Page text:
FESTIVAL REPORT: Tallinn Music Week

John Rogers heads over to the Estonian capital, to report on the fertile city that keeps on giving

Flights make excellent punctuation marks in dally life. When travelling alone, there’s little to do but surrender to the journey; as such, "flight" becomes as much of a state as a process. Far away from quotidian tasks, the bubble that forms around individuals moving through cafés, departure lounges, bus transfers and cramped airplane seats becomes a transient space for reflection and dreaming.

Despite also being pretty dreamy, the Estonian capital of Tallinn feels about as permanent as destinations get. The UNESCO-certified Old Town district is an astonishingly well-preserved medieval city, encircled by majestic stone walls studded with conical red-roofed towers. Its interior is dominated by massive churches that range from the stern austerity of the huge St. Olaf’s to a fantastically gaudy Eastern Orthodox cathedral, both lined by peeling antique houses, colourfully painted streets and roughly cobbled alleys.

All this makes the Old Town an intoxicating setting for the fleeting fun of a music festival. Tallinn Music Week occupies a wide variety of spaces, from the imposing Soviet-era cinema Kino Sōprus to the cosy hub of the Von Krahl Theatre, as well as the city’s many bars, clubs and concert halls. The schedule offers up a diverse musical menu drawn largely from Estonia, the Nordic countries, and the neighbouring Baltic States, from hip hop to contemporary composition to bass, pop and metal. Fittingly, there’s also a strong strand of folk music, reaching back into rare and all-but-forgotten local traditions.

Such is the nature of the festival’s inclusivity that the first night involves a pseudo-Mariarchi troupe The Sexican, who perform heavily Waits-inspired folk-rock donning a dressing-up-box’s worth of Three Amigos castoffs, followed by some impressive free-flowing Danish jazz from Rune Funch Picture Music. Down the street at Kloostri Ait we see twin choirs of traditional dressed ladies and gentlemen belting out Finno-Ugric shanties whilst serving some kind of sherry-like mulled beer out of a bucket.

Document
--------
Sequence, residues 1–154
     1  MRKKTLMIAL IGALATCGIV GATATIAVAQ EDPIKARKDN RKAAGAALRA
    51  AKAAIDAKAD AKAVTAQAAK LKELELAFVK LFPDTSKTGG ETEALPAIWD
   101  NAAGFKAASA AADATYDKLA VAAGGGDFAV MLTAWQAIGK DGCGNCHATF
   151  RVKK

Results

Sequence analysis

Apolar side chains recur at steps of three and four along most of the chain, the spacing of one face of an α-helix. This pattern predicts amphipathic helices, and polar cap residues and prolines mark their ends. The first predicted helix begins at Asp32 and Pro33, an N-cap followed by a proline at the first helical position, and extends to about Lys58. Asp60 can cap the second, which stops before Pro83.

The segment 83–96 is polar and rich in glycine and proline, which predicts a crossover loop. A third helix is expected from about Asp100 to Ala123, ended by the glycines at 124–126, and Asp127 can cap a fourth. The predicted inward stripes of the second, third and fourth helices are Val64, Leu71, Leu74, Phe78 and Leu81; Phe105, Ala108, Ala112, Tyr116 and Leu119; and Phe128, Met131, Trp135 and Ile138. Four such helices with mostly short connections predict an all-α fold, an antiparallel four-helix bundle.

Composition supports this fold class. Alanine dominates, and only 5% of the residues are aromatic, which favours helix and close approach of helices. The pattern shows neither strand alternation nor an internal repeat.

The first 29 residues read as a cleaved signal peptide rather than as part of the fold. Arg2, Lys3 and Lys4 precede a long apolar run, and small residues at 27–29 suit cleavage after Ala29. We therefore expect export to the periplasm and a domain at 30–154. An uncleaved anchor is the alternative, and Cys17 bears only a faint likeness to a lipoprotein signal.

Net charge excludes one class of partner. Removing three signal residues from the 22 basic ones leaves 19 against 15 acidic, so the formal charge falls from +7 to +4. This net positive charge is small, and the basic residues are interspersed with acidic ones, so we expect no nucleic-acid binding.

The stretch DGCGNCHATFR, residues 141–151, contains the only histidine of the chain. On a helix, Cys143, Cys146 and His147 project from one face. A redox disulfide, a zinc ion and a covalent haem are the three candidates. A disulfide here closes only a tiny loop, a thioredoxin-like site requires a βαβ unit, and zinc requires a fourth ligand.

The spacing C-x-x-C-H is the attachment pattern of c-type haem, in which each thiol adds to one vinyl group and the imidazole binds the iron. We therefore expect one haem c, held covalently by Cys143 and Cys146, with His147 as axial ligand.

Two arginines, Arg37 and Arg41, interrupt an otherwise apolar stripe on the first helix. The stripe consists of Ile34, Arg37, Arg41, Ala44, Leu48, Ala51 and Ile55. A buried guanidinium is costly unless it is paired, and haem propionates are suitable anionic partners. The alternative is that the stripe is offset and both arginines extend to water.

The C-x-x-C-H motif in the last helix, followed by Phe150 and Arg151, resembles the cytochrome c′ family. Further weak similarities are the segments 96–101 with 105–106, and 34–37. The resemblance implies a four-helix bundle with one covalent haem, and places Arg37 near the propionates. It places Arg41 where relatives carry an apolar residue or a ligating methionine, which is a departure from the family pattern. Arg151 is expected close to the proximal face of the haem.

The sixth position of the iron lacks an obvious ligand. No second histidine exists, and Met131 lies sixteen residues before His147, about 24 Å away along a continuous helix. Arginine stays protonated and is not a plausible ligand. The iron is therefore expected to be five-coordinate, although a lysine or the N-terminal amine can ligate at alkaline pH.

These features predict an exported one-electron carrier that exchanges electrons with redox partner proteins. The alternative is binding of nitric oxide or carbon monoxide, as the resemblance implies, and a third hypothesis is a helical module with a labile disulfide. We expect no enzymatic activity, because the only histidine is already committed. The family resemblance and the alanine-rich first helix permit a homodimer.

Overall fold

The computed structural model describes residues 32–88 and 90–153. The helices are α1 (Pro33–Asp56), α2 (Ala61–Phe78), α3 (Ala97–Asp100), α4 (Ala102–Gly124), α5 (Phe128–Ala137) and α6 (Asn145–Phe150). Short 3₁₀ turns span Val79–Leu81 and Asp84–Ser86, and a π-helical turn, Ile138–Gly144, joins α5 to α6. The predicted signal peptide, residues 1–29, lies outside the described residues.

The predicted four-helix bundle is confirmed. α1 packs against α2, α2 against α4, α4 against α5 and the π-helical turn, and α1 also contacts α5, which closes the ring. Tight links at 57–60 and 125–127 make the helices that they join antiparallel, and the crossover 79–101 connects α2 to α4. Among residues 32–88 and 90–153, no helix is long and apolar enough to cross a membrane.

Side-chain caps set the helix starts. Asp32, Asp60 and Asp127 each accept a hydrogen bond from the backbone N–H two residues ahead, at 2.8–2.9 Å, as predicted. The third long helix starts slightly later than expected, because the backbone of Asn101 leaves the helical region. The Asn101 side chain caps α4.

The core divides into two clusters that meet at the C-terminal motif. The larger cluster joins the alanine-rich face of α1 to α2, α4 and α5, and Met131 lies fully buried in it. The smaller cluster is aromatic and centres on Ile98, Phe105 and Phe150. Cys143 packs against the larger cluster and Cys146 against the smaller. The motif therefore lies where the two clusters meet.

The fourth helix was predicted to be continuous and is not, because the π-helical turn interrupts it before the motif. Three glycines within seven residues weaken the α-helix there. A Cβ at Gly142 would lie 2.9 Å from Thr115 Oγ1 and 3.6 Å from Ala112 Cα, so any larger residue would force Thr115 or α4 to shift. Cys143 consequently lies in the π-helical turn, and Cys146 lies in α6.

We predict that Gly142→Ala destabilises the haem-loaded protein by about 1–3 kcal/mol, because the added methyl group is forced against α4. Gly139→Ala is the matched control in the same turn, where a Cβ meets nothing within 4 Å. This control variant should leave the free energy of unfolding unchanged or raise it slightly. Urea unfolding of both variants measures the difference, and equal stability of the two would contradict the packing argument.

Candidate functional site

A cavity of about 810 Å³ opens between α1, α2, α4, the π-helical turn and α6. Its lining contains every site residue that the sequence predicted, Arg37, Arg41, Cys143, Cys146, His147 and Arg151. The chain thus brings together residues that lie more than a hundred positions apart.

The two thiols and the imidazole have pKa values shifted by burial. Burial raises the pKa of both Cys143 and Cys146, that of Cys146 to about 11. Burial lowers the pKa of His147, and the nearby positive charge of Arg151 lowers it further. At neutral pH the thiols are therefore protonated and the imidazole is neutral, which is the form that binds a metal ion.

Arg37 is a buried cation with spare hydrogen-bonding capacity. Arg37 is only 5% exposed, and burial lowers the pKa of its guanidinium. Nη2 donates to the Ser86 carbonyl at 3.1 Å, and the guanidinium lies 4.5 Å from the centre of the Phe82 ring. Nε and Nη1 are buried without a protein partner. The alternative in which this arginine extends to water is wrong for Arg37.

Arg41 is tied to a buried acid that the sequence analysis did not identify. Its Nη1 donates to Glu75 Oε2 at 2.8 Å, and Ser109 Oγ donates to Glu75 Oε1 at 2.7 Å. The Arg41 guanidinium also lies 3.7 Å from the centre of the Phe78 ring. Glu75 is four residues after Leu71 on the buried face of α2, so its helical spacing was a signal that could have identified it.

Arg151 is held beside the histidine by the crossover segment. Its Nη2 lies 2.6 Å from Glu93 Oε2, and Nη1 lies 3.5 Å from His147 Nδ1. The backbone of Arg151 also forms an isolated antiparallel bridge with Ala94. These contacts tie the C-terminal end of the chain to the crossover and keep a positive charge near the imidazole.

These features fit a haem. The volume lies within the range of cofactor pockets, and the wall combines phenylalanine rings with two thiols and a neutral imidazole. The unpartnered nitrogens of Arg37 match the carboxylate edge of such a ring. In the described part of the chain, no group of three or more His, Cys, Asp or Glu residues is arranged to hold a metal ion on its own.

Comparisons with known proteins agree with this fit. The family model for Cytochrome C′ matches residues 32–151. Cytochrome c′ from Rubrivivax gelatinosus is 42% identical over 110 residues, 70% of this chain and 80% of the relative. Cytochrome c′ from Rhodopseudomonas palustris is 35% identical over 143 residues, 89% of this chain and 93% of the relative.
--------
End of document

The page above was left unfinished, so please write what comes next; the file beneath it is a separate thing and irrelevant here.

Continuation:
So far, so diverse, but the first night ends on something of a damp squib in Siinilind with the lamentable pop of Russian boy-band-with-guitars On The Go and retro-rock quartet Elephants From Neptune, who wheel out every riffing, soloing, "let me see those hands" rock-band cliche in the book.

After a day spent wandering Tallinn, we’re ready for the "classical music rave" held in Kultuurikatel, a cavernous converted industrial space with a mess of metal stairs, pipes and machinery hanging from its high ceiling. It’s been decorated in neon for the occasion by well-regarded local designer, artist and musician Marit Ilison, draped in UV sculptures and lit with pink lights that cast tangled shadows through the twisted metal.

We arrive as Icelandic composer-producer-performer Valgeir Sigurðsson is performing. It turns out he’s DJing, reportedly for the first time in his long music career. Valgeir stands almost hidden amongst the teeming crowd, mixing together string squalls, deep drones and bassy noise that seems to come from all directions. The effect is dramatic and disorientating, creating a buzz in the air as the teeming crowd stand wide-eyed amidst the spectacle, happy to be at a classical music rave whilst not being exactly sure what a classical music rave actually is.